¬Å“Take Up a Pencil and Think Everyday.’

The passing of Arthur Miller and Susan Sontag within weeks of each other provides a referent point for the deterioration of thought in American public life.

Note these comments about Arthur Miller by Bob Herbert. “Arthur Miller, in his autobiography, “Timebends,” quoted the great physicist Hans Bethe as saying, “Well, I come down in the morning and I take up a pencil and I try to think. …” It’s a notion that appears to have gone the way of the rotary phone. Americans not only seem to be doing less serious thinking lately, they seem to have less and less tolerance for those who spend their time wrestling with important and complex matters. If you can’t say it in 30 seconds, you have to move on. God made man and the godless evolutionists are on the run. Donald Trump (“You’re fired!”) and Paris Hilton (“That’s hot!”) are cultural icons. Ignorance is in.”

One asks, how many people “take up a pencil and try to think” each day?

Susan Sontag’s obituary recalled her similar concern about the lack of serious intellectual and moral rigor in American intellectual life: “In the 1990’s she grew disillusioned with the left for its failure of moral never in confronting genocide in Rwanda and Bosnia and said, [I find myself] “moved to support things which I did not think would be necessary to support at all in the past,” she said in a rueful interview, adding, “Like seriousness, for instance.”

Sontag saw popular culture as a contributor to the problem. “At Harvard she earned two masters degrees, one in English another in Philosophy, and entered the PhD program but did not complete her dissertation. “We live in a culture,” she said, “in which intelligence is denied relevance altogether, in a search for radical innocence, or is defended as an instrument of authority and repression. In my view, the only intelligence worth defending is critical, dialectical, skeptical, desimplifying.” She made the study of popular culture intellectually credible, yet did not own a TV and held a personal library of 15,000 volumes.”

Rabbi Marc Gelman also sees the problems inherent in a disconnect of intellectual life and popular culture “There must be room in the culture for people who believe in both God and Aretha Franklin. Right now we are perilously close to a world in which Rolling Stone owns all the good music (and all the bad music) and religion owns all the good ideas (and a few bad ideas). This cannot continue because, to paraphrase Kant, ideas without music are empty, and music without ideas is blind.”

The 2005 Grammys are indicative of the problem. In his NYT coverage John Pareles described the event as having, “something for almost everyone, bizarrely,” saying, “God, punk-rock, baby-boomer nostalgia and 21st-century hip-hop all had their moments in the Grammy Awards broadcast, which knocks itself out trying to please everybody. It’s determined to be simultaneously glamorous and earnest, hip but not rebellious and suitable for all ages. It’s an awards show in which nine-tenths of the awards are presented in private before the prime-time broadcast, to make time for the live music that sells the show: 24 numbers full of mix-and-match.” The problem is, of course, that God does not mix and match. My 81 year-old father watched the opening and said, “now I know the world has gone completely mad!” The fact that many next generation Christian leaders cannot discern the fallen-ness in so much of popular culture and instead imitate it, only exacerbates the problem.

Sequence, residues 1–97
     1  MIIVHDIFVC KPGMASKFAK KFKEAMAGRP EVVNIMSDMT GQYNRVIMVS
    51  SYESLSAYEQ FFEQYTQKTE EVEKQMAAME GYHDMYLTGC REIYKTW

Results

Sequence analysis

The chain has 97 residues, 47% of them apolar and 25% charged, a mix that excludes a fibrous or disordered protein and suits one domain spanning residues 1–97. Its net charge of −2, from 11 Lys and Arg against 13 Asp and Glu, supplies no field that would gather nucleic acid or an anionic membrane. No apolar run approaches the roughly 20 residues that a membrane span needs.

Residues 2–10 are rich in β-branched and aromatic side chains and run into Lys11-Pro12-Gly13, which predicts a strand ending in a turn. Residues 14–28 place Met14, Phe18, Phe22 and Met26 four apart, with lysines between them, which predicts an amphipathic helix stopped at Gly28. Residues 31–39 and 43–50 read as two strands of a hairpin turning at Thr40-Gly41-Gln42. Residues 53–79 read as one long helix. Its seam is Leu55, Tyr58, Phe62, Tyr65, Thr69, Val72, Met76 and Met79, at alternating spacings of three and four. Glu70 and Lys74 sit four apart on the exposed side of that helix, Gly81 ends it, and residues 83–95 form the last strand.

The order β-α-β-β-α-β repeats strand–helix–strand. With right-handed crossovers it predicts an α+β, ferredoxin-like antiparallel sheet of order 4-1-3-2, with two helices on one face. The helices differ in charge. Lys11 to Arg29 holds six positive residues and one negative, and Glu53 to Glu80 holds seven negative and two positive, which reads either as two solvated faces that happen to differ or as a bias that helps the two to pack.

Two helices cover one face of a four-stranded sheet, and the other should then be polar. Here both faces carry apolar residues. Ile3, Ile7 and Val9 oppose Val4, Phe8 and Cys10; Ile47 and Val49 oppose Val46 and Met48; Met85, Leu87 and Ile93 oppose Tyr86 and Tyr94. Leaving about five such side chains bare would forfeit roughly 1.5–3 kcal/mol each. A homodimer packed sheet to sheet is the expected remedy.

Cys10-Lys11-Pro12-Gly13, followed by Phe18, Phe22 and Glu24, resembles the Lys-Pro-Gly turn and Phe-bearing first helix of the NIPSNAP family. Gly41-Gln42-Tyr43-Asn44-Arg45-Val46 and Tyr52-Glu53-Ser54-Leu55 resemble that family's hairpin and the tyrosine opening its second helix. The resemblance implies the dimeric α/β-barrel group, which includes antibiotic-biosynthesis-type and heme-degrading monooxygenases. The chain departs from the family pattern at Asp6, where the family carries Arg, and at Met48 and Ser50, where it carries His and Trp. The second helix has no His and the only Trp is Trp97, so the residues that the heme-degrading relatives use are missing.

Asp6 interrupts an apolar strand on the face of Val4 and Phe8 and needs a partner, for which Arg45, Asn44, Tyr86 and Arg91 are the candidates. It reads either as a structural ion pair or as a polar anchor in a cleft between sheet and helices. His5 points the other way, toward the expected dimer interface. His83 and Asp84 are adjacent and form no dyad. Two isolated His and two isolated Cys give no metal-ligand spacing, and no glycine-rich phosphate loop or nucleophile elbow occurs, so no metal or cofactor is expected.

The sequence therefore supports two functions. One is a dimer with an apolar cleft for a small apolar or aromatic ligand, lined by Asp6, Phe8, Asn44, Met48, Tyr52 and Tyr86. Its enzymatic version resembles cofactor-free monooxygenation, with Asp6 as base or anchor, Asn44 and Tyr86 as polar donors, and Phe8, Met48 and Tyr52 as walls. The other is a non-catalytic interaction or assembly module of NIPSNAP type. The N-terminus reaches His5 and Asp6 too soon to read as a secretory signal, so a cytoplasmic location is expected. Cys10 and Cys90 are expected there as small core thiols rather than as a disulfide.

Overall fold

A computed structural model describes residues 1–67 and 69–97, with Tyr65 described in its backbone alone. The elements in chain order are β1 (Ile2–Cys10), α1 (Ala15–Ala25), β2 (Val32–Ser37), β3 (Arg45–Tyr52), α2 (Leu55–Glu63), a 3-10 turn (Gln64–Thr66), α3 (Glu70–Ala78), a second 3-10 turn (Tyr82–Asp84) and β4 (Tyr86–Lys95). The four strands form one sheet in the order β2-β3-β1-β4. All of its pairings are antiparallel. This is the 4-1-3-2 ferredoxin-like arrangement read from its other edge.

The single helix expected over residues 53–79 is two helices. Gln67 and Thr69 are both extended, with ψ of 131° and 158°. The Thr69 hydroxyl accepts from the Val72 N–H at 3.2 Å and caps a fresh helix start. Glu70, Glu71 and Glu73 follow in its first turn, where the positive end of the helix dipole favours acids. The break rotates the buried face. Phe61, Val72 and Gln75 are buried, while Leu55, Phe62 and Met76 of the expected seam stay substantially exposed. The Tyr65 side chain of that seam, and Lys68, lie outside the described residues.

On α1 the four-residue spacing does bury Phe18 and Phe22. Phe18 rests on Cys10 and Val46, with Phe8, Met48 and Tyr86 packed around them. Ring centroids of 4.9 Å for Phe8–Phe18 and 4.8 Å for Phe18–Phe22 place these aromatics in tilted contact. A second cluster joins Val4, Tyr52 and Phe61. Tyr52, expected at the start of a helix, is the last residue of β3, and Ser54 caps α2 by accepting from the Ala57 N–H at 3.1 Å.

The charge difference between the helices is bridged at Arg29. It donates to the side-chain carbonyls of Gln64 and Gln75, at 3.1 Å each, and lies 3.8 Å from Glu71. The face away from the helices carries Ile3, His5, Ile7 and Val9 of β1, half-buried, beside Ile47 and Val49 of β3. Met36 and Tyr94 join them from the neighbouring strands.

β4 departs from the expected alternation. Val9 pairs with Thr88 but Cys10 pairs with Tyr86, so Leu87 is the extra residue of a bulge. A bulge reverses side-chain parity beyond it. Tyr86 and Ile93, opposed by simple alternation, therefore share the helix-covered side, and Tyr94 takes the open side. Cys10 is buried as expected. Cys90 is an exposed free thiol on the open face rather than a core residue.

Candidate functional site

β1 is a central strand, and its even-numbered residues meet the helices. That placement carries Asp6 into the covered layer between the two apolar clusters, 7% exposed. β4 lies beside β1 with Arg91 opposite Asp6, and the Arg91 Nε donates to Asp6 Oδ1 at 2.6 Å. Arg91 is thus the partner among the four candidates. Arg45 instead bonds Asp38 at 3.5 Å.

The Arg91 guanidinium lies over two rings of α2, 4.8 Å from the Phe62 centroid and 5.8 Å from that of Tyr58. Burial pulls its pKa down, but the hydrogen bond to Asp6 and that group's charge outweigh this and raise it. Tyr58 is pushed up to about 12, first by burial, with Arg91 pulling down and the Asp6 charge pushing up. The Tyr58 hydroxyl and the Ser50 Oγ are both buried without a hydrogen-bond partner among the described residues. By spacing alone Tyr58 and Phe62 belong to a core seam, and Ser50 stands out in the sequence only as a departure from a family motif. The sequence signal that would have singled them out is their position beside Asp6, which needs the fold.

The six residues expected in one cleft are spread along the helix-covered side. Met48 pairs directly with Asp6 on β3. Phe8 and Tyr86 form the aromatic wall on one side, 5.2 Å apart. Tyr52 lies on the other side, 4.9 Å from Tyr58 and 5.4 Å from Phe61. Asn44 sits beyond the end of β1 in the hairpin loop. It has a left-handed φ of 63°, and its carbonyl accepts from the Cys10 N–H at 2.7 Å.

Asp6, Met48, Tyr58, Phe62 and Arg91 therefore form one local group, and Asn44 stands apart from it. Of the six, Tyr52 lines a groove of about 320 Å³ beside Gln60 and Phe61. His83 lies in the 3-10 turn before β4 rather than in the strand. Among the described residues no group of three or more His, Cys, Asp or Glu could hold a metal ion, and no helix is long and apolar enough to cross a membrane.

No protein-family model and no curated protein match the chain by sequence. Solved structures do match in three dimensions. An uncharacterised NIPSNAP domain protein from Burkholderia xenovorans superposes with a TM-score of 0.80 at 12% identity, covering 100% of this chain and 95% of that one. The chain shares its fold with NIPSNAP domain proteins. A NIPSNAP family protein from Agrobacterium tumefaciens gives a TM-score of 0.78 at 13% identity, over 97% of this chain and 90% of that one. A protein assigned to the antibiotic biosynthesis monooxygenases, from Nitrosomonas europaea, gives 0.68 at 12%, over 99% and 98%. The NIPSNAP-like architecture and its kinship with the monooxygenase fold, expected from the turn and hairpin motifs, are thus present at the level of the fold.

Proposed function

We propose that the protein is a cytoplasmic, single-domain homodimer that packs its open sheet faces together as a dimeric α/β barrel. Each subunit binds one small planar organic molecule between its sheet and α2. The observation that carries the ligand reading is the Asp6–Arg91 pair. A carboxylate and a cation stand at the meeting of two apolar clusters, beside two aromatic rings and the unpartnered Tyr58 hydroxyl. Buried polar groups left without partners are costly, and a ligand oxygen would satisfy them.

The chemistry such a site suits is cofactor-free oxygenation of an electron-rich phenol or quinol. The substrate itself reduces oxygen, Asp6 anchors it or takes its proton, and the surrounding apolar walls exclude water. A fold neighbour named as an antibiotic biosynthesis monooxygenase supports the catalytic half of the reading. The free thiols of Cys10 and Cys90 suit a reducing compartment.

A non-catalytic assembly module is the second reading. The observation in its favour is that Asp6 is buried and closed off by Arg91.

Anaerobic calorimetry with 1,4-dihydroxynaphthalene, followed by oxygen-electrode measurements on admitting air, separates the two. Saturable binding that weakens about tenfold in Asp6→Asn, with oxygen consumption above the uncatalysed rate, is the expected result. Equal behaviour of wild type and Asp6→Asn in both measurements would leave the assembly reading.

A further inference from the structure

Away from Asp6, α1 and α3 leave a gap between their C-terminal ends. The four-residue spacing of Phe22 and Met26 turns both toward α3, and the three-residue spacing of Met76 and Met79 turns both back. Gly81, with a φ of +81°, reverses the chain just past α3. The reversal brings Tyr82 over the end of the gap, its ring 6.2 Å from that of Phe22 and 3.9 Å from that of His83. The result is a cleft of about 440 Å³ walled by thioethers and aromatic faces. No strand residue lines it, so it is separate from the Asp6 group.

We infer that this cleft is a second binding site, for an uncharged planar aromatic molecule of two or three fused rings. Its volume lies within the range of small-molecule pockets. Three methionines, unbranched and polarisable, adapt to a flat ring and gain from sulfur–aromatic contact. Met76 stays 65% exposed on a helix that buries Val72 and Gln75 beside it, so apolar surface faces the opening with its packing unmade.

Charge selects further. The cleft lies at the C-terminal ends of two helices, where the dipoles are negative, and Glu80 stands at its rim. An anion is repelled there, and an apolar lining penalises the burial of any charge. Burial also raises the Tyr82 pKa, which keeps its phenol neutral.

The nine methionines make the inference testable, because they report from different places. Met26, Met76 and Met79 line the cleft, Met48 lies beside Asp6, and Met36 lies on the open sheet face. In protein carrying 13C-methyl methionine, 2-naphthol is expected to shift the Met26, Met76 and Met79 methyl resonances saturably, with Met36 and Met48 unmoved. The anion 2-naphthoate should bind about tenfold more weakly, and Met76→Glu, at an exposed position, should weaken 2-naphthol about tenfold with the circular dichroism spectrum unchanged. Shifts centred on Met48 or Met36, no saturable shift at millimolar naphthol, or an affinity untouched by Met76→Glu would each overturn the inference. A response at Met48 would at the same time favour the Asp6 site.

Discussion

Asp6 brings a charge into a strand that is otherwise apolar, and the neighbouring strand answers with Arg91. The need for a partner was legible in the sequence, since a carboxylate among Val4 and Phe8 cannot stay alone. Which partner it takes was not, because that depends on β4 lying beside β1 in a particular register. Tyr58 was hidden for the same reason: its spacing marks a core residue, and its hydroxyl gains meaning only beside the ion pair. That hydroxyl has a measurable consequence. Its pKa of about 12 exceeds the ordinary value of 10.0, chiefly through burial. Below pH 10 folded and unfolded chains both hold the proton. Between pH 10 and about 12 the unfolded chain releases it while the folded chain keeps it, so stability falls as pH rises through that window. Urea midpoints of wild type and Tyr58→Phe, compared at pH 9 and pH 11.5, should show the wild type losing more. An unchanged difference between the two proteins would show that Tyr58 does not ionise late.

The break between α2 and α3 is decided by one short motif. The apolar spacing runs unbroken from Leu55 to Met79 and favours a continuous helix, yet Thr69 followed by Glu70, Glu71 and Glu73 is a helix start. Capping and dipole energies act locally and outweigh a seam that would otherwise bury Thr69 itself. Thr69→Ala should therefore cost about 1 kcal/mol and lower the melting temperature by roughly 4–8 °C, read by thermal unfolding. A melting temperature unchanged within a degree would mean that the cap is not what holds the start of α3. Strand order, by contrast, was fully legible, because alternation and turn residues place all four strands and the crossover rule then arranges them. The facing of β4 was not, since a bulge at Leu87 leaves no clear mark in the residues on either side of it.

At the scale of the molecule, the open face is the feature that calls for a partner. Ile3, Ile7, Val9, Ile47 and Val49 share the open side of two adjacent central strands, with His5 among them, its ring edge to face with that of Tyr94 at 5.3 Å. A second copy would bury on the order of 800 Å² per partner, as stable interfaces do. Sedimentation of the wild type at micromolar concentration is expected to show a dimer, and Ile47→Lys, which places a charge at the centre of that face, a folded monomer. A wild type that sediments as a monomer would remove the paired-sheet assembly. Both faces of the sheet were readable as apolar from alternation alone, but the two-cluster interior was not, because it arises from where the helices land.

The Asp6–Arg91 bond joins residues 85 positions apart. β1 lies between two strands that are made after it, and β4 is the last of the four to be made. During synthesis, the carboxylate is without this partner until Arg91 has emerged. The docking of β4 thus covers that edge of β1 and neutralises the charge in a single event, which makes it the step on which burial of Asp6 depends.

As a Christian who majored in philosophy in college, I found a soul-mate in a Princeton Professor named Harry Frankfurt whose bluntly titled essay announces the emperor has no clothes. The title? “On Bulls–t.” The gist of it? “The opening paragraph of the 67-page essay is a model of reason and composition, repeatedly disrupted by that single obscenity. “One of the most salient features of our culture is that there is so much [bull]. Everyone knows this. Each of us contributes his share. But we tend to take the situation for granted. Most people are rather confident of their ability to recognize [bull] and to avoid being taken in by it. So the phenomenon has not aroused much deliberate concern, nor attracted much sustained inquiry.” The essay goes on to lament that lack of inquiry, despite the universality of the phenomenon. “Even the most basic and preliminary questions about [bull] remain, after all,” Mr. Frankfurt writes, “not only unanswered but unasked.”

Dr. Frankfurt’s interest in Philosophy mirrors my own, “I got interested in philosophy because of two things,” he said. “One is that I was never satisfied with the answers that were given to questions, and it seemed to me that philosophy was an attempt to get down to the bottom of things.” “The other thing,” he added, “was that I could never make up my mind what I was interested in, and philosophy enabled you to be interested in anything.”

Followers of Jesus are supposed to love the lord our God with our mind. Until we recognize the ¢â‚¬ËœBulls t” in the broader culture and faith community, think about it and take action¢â‚¬¦we are doomed.

PLEASE: Take up a pencil and think everyday!

Yours for the pursuit of God in the company of friends, Dick Staub.

PS. And remember, “these are the best of times and the worst of times, but they are the only times we have.” (For Now).

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